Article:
A 55-year-old man sought care for aggressive acute lymphoblastic leukemia (ALL), which developed 8 years after he had received chemotherapeutic treatment for nephrotic syndrome. The sole cytogenetic abnormality observed in bone marrow derived metaphases was a t(4;11)(q21;q23), which is a frequently occurring translocation in ALL. However, subsequent reverse transcriptase polymerase chain reaction for the expected mixed lineage leukemia [trithorax homolog, Drosophila] (MLL)-AFF1 fusion transcript was negative. Further fluorescence in situ hybridization (FISH) analysis narrowed the 4q21 breakpoint down to a 250-kb region proximal of AFF1. This comprised four genes, of which septin11 (SEPT11) was further analyzed. Reverse transcriptase polymerase chain reaction revealed expression of a chimeric MLL-SEPT11 transcript, thus identifying what is to our knowledge a hitherto undescribed translocation in ALL. Sequence analysis of cDNA showed in-frame fusion of MLL exon 11 to SEPT11 exon 2. This MLL-SEPT11 fusion is cytogenetically indistinguishable from the recurrent t(4; 11)(q21;q23). Thus, it is crucial to characterize cytogenetic aberrations in leukemia by molecular methods, even in cases where a known recurrent translocation is presumed. This report expands the spectrum of ALL-related translocations and hypothesizes on the mechanism leading to the MLL-SEPT11 fusion. Five septins have been identified thus far as MLL fusion partners in leukemia. Their putative oncogenic role may be related to forced MLL dimerization by the septin coiled coil and GTP-binding domains, which could convert MLL to an oncogene.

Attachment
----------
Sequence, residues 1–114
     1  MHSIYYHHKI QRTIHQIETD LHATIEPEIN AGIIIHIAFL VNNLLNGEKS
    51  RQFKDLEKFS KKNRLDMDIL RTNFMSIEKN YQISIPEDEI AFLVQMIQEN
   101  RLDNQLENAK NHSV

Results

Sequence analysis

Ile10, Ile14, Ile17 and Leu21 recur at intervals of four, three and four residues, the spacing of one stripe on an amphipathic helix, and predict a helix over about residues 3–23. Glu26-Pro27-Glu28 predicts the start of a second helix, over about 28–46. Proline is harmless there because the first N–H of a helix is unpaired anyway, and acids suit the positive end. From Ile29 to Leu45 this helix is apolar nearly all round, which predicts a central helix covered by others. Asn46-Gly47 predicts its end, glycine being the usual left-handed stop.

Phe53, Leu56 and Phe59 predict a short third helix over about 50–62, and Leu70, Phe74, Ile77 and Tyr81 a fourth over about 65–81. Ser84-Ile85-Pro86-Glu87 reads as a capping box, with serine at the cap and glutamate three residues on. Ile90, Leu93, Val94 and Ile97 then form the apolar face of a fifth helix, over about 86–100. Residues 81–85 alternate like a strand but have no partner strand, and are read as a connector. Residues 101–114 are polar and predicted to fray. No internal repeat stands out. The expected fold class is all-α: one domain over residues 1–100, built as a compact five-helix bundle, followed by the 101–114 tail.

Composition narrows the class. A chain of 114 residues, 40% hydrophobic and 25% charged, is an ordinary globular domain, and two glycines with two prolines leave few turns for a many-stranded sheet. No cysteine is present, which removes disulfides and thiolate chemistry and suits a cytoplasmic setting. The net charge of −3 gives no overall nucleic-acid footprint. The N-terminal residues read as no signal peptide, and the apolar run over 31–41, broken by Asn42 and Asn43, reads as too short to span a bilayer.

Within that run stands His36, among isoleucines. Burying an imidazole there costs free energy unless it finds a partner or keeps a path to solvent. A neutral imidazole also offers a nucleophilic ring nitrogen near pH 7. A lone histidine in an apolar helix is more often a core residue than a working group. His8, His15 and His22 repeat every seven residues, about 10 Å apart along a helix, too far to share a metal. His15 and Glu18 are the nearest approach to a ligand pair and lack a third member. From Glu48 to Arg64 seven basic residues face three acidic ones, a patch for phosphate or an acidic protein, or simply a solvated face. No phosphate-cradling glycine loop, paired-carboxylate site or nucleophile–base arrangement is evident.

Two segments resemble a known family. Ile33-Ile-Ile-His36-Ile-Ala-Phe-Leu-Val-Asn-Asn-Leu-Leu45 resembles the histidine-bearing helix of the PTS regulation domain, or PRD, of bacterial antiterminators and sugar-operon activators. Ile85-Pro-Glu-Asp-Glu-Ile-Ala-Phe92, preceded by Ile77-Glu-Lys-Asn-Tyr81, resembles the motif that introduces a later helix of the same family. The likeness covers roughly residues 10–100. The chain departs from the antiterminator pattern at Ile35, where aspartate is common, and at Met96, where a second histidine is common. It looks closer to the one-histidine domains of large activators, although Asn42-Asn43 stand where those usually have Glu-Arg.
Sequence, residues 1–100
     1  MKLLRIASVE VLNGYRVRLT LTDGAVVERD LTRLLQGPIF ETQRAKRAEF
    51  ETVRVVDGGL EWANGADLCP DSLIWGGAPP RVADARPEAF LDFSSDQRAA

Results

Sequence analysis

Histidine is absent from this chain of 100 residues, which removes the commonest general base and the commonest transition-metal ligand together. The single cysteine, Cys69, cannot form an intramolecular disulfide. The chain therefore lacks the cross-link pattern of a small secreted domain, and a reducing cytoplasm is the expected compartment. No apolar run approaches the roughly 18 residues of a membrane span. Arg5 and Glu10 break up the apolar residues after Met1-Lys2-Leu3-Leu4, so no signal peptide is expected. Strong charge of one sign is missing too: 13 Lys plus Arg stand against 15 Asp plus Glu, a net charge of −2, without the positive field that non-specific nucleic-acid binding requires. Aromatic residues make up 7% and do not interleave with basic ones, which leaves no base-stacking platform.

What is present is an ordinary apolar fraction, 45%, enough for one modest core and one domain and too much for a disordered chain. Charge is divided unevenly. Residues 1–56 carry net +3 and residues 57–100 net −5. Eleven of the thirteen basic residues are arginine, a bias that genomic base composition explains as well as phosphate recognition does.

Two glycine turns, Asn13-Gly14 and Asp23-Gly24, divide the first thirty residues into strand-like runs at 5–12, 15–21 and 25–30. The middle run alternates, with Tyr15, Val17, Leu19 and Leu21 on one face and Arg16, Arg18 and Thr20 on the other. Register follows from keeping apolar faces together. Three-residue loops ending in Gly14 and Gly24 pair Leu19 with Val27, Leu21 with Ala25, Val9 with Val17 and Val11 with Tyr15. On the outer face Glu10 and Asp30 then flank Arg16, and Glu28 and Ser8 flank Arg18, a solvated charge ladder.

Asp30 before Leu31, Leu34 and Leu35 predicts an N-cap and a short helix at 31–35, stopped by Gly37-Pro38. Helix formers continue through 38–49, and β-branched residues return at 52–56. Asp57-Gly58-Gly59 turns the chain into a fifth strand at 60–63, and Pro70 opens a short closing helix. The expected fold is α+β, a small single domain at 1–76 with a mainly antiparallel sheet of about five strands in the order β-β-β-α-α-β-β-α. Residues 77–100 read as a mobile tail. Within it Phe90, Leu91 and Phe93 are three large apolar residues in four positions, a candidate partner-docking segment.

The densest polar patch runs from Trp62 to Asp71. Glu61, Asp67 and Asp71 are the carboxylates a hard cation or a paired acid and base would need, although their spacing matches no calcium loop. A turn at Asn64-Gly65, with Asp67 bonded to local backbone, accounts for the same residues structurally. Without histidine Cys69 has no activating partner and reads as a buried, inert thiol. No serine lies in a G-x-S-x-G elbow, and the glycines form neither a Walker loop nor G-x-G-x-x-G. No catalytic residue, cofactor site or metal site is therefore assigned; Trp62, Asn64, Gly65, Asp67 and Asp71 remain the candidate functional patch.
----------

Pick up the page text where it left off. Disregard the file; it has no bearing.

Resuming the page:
|Journal||Cancer Genetics and Cytogenetics|
|Publication status||Published - Aug 2010|